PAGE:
Told from the point of view of a partial amnesiac, dysmetric, schizophrenic, as well as a bunch of other people who find themselves stranded in the city, the story is an exercise is confusion, dissociation, and a really just a big mystery. In the end, what is truly going on is never revealed, thus leaving the reader with their own interpretations. This is one of the selling points of the book, with William Gibson himself saying that it was “A riddle that was never meant to be solved.” Yeah, I definitely need to read this one!

10. Infinite Jest:
This last novel is more recent, having been released in 1996. Once again, haven’t heard of it, but given its content, praise, and the fact that the author’s low life was cut tragically short, it doesn’t surprise me that its one of those books that everyone feels they must read. But given the length, complexity and the fact that story contains 388 numbered end notes, I can see why they’ve also held back!

The story focuses on the lives of a celebrity family known as the Incandezas, a clear pun on their, shall  we say… luminous fame? The family is deeply involved in tennis, struggles with substance abuse, and in a state of disrepair since the father – a famous film director – committed suicide with a microwave. His last work was apparently a film (entitled “Infinite Jest”, but known throughout the story as “The Entertainment”) which is so entertaining, it causes viewer to lose all interest in everything besides watching the movie.

Clearly meant as a satire on North American culture, particularly celebrity families, entertainment, substance abuse and the sideshow that is celebrity rehab, the story is all about various people’s search for the missing tape of “The Entertainment” and what they plan to do with it. The novel received wide recognition and praise after its publication and became a testament to Wallace’s talent after he committed suicide in 2008.

Okay, that’s four out of ten for me. How did you do? And even if you could say that you’ve read most of the books on this list, or at least the one’s you’ve heard of, I’d say we’ve all come away with a more additions to our reading lists, hmmm? Yeah, I guess its back to Amazon for me!

Cryptonomicon

Having covered Snow Crash and Diamond Age awhile back, I thought it was time to move on to the third installment in my Neal Stephenson series. Today, for consideration, the historic techno-thriller Cryptonomicon! This story took me close to a year to read, in part due to interruptions, but also because the book is pretty freaking dense! However, the read was not only enjoyable and informative, it was also pretty poignant. As a historian and a sci-fi buff, there was plenty there for me to enjoy and learn from. And for those who enjoy techno-thrillers and dissertations on mathematics, this book is also a page turner! Little wonder then why this novel was dubbed the “ultimate geek novel”.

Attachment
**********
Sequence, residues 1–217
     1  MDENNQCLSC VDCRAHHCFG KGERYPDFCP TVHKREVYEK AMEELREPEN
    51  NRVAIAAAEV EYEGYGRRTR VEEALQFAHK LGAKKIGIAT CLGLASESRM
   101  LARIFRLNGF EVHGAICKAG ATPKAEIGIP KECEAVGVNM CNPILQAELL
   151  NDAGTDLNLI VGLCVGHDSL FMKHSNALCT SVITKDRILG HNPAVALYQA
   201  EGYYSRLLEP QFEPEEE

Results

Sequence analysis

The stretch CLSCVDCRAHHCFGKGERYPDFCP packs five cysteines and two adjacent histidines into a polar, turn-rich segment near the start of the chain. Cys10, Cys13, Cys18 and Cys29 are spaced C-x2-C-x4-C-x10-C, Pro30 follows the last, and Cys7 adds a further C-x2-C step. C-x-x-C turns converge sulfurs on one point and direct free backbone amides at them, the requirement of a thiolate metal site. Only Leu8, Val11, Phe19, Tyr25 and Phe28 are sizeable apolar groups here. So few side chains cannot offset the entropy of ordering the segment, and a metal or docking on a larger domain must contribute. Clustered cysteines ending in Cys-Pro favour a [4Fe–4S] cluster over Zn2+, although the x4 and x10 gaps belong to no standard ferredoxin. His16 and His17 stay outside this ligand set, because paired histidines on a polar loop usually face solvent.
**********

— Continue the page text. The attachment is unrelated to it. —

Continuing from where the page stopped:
The name is derived from H.P. Lovecraft’s Necronomicon, a fictitious book that has been referenced numerous times in western literature and pop culture. The name is indicative of the book’s main theme, cryptology, as well as the unofficial manual used by cryptologists during and after World War II. In addition to featuring fictionalized versions of real events, it is also chock-full of fictionalized personalities drawn from history. They include Alan Turing, Albert Einstein, Douglas MacArthur, Winston Churchill, Isoroku Yamamoto, Karl Dönitz, and Ronald Reagan, as well as some highly technical and detailed descriptions of modern cryptography and information security, with discussions of prime numbers, modular arithmetic, and Van Eck phreaking.

Unlike his other novels, Cryptonomicon was much more akin to historical fiction and techno-thriller than actual sci-fi, mainly because its narratives take place in the past and present day. However, this is a bit of an arbitrary designation. As most fans of science fiction know, a story need not take place in the future in order to explore the kinds of themes common to the genre. And really, all science fiction is actually about the time period in which it is written, and actively draws on the past to create a picture of the future. So putting aside the question of where it falls in the literary spectrum for now, allow me to delve into this bad boy and what was good about it!

Synopsis: